Blood Money: the Tampon Tax

by Hanaé Taxis and Maria Oxamitnaia

Unfolding the controversy in France

The “tampon tax” is commonly used to refer to the value-added tax set on feminine hygiene products such as tampon, sanitary towels, cups. Indeed, women spend on average 5 to 7 euros per month on sanitary products (Dumont, 2019). This is not an additional tax, rather the lack of a tax exemption. The controversy regarding this lays on the fact that it is considered unfair that women have to pay the equivalent of 80 euros per year on expenses that men do not have.

What is a “necessity good” in France?

In the case of France, different goods are taxed in different ways. They are categorised in groups for taxes – the normal 20% (normal, by default), 10% (intermediary), and 5.5% (also called “reduced” for products of first necessity) (Laurent 2015).


Based on the taxation scale in France, sanitary products were considered as luxury goods – “products which are not necessary but which tend to make life more pleasant for the consumer”, as per the term’s definition in the Business Dictionary. They are the opposite of “necessity goods”. In economics, luxury goods have high income elasticity, which means that the wealthier people become, the more the demand for the product will increase. In contrast, as an individual’s income drops, its demand will fall, thereby becoming either a “necessity good” or an “inferior good” at different income levels.

An issue first brought up by the people for the move towards gender equality

In 2015, the “tampon tax” becomes a contentious issue in France. The feminist movement Georgette Sand revendicates the decrease from 20% to 5.5% on the tax on sanitary products for women, including tampons and sanitary towels. This has been backed by the fact that they are products of “first necessity”. Indeed, it is suggested that it is the source of major gender inequalities, due to the price. Gaëlle Couraud, of the Georgette Sand collective, stated to AFP that “no other product creates such inequality between women and men” in terms of VAT.

Other associations and civil movements such as les Vulves enragées, Culotte Gate, interjected slogans like «Laissez-nous saigner sans nous surtaxer !», «Ma cup est pleine ! 20 % ça déborde», «Ras la moule», until the amendment was adopted on January 1st, 2016, after a second vote at the Parliament (Mallaval, 2016). A petition was signed by 26 000 people, to defend the cause (Lhénoret, 2015). The movement was also supported by NGOs such as Care France, with the director, Philippe Lévêque stating that “fighting against the taboo of periods supports our fight against poverty and injustices, for the equality of all”.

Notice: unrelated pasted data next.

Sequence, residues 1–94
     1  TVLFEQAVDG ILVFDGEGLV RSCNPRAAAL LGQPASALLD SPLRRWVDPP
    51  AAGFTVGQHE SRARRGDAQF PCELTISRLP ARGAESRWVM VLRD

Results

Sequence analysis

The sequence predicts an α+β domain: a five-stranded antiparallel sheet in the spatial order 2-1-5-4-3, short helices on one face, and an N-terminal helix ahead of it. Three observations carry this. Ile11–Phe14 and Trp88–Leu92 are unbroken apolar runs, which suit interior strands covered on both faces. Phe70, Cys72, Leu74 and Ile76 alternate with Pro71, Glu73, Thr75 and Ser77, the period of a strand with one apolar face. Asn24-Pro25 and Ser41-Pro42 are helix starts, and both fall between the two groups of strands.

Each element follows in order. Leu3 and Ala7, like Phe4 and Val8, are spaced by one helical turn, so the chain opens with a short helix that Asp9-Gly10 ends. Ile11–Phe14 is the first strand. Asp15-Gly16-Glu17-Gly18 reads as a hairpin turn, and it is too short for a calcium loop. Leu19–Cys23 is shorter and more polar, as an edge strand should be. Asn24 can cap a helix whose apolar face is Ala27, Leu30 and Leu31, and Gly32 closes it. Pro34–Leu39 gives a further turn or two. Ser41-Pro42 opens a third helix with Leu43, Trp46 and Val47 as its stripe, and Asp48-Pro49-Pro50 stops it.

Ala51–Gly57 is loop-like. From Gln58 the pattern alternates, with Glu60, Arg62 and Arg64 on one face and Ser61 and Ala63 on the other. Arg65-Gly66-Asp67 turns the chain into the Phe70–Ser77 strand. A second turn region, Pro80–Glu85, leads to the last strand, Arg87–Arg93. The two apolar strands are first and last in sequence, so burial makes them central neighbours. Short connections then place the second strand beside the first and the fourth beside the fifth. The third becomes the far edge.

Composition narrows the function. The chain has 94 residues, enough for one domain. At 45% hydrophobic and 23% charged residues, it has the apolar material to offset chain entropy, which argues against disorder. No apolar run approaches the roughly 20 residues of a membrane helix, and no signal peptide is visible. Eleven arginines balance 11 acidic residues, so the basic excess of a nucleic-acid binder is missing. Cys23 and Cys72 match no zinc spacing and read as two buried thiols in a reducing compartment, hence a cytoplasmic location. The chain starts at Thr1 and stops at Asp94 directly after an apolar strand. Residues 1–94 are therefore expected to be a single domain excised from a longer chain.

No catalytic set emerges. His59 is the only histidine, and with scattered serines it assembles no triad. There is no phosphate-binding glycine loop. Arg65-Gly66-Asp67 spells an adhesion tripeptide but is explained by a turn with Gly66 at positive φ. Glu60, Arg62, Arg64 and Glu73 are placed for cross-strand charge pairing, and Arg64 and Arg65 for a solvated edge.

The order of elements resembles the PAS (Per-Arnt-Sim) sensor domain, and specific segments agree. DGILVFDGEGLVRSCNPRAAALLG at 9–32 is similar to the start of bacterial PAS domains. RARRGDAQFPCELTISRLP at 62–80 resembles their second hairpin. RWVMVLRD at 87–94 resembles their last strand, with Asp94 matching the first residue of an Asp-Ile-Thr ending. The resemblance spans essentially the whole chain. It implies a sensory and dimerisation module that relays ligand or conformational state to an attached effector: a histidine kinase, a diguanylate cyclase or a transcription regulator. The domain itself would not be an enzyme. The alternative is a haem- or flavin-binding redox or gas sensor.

Politically, Catherine Coutelle, MP part of the socialist party, was on the first line at the Parliament to defend the lowering the tampon tax to 5.5% as a necessary amendment, as it concerns 15 million of women in France (Parlement Français, 2015). In that sense, she regards the topics as a key advancement for gender equality in the country. She also recognises the opportunity of tackling the issue of the gender equality in purchasing power of the population. Finally, she brought the issue into the dimension of public health by bringing forward the example of condoms, subjected to a tax cut to 5.5% in favour of the fight against HIV/AIDS.

In France, a first opposed left-wing government: the cost

In face of this push for a tax cut in the name of equality, the then-leftist government remained divided on this issue. In the socialist party, no consensus was made on the issue. Whereas some policy makers supported the tax cut, like Catherine Coutelle, others, such as Christian Eckert stayed clearly opposed. The law underwent two debates at the French Parliament, the first one resulting in a negative outcome, the second one gave rise to the passing of the amendment.